The GfK consumer confidence index in the UK decreased by one point to -14 in December 2018, matching market expectations, amid sticky concerns over Brexit negotiations. It was the lowest print since July 2013, as expectations for the economy over the next 12 months tumbled to its lowest since December 2011 (-38 vs -32 in November). In addition, the gauge measuring personal finances over the next 12 month dropped to -1 in December from 3 in the previous month. Still, consumers felt better about their personal finances over the past year (-1 vs -3) and were more willing to make major purchases (2 vs -3). "In the face of ever-rising costs, and the threat of higher inflation combined with uncertainty around the outcome of the Brexit negotiations, it's no surprise that consumers are in a chilly mood of despondency," GfK executive Joe Staton said. Consumer Confidence in the United Kingdom averaged -8.99 Index Points from 1981 until 2018, reaching an all time high of 10 Index Points in June of 1987 and a record low of -39 Index Points in July of 2008.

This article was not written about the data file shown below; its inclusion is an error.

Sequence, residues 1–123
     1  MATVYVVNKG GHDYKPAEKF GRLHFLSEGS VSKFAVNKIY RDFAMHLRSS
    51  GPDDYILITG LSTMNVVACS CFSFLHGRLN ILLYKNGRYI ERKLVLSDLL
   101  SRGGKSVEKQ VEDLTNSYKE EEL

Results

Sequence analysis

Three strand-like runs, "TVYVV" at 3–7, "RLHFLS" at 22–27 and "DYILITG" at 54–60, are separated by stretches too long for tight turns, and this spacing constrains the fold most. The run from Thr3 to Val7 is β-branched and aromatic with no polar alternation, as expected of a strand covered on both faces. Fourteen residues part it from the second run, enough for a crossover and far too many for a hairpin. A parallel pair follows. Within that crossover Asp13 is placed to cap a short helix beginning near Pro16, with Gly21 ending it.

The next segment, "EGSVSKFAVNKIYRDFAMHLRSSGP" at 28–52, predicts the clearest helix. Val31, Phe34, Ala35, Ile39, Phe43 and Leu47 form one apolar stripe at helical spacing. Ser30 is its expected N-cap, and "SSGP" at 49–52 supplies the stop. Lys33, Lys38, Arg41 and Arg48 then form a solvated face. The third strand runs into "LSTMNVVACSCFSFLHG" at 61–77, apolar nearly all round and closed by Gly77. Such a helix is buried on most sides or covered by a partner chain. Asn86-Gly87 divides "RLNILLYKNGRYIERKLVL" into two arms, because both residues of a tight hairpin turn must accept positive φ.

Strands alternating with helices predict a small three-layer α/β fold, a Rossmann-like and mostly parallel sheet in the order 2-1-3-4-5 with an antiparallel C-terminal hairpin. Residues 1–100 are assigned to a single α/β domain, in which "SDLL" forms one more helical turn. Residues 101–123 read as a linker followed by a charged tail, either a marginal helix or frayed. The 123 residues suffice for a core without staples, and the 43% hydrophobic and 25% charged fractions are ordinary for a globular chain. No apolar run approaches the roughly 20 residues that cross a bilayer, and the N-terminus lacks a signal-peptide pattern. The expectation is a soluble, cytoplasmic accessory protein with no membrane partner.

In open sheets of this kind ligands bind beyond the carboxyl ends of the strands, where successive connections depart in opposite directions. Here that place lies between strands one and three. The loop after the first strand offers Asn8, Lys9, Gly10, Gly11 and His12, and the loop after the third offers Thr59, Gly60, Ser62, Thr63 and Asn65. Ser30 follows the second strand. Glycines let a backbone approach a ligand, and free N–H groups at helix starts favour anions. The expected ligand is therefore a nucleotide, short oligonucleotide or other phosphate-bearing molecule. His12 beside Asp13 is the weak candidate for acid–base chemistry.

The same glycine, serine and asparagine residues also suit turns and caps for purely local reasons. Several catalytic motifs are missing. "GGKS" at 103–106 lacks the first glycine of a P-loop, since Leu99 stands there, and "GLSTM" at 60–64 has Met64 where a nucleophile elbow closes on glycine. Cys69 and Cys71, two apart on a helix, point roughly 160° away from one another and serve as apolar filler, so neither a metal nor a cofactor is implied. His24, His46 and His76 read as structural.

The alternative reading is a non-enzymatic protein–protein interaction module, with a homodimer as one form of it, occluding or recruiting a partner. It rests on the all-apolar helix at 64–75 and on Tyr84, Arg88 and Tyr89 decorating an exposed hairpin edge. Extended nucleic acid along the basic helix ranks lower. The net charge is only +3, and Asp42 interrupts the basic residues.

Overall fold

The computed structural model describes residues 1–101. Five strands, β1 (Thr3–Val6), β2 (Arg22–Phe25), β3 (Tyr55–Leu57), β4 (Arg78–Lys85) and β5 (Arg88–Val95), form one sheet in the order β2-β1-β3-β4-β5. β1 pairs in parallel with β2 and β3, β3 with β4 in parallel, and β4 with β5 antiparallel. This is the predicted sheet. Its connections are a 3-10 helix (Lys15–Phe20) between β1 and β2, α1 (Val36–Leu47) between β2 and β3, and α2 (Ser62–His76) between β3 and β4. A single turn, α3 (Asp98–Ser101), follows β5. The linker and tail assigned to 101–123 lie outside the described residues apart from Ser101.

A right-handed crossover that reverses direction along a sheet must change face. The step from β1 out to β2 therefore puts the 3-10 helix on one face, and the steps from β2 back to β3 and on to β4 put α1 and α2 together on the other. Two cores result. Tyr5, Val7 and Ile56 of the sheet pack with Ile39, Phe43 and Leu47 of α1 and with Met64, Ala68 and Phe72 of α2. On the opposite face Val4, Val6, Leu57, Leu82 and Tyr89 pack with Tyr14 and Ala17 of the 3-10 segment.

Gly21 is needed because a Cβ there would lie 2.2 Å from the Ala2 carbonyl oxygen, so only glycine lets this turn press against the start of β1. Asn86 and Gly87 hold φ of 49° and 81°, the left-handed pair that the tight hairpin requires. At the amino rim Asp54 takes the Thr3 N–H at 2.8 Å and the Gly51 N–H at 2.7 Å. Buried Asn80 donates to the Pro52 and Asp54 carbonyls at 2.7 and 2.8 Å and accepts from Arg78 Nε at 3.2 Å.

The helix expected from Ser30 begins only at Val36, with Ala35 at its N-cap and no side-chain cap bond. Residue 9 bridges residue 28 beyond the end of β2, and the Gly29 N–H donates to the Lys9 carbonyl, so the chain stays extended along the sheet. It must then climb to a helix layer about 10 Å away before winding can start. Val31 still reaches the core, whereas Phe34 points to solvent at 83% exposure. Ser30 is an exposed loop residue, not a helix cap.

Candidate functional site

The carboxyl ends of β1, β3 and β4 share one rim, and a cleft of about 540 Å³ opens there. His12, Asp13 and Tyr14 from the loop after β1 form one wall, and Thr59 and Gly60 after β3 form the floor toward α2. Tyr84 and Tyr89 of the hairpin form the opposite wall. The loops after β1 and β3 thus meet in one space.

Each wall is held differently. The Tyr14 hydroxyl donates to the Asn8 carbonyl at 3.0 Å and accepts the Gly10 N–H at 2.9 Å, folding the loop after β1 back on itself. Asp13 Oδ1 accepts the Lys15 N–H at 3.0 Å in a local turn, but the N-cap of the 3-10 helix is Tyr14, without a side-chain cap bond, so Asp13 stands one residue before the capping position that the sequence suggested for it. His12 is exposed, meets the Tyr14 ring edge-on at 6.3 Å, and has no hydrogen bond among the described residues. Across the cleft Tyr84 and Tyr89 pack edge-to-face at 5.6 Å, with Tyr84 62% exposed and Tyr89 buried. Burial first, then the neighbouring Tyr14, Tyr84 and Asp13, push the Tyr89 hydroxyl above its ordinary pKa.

Consumer Confidence in the United Kingdom is expected to be -20.00 Index Points by the end of this quarter, according to Trading Economics global macro models and analysts expectations. Looking forward, we estimate Consumer Confidence in the United Kingdom to stand at -12.00 in 12 months time. In the long-term, the United Kingdom Consumer Confidence is projected to trend around -2.00 Index Points in 2020, according to our econometric models.